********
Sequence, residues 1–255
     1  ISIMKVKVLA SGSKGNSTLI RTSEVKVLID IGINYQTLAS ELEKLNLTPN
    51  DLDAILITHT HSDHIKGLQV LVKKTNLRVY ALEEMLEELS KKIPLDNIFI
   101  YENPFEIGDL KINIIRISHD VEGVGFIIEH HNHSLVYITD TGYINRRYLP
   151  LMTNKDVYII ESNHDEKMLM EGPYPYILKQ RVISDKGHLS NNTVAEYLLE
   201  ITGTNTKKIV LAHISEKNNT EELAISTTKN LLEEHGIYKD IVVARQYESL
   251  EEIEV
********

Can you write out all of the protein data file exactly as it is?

Sequence, residues 1–255
     1  ISIMKVKVLA SGSKGNSTLI RTSEVKVLID IGINYQTLAS ELEKLNLTPN
    51  DLDAILITHT HSDHIKGLQV LVKKTNLRVY ALEEMLEELS KKIPLDNIFI
   101  YENPFEIGDL KINIIRISHD VEGVGFIIEH HNHSLVYITD TGYINRRYLP
   151  LMTNKDVYII ESNHDEKMLM EGPYPYILKQ RVISDKGHLS NNTVAEYLLE
   201  ITGTNTKKIV LAHISEKNNT EELAISTTKN LLEEHGIYKD IVVARQYESL
   251  EEIEV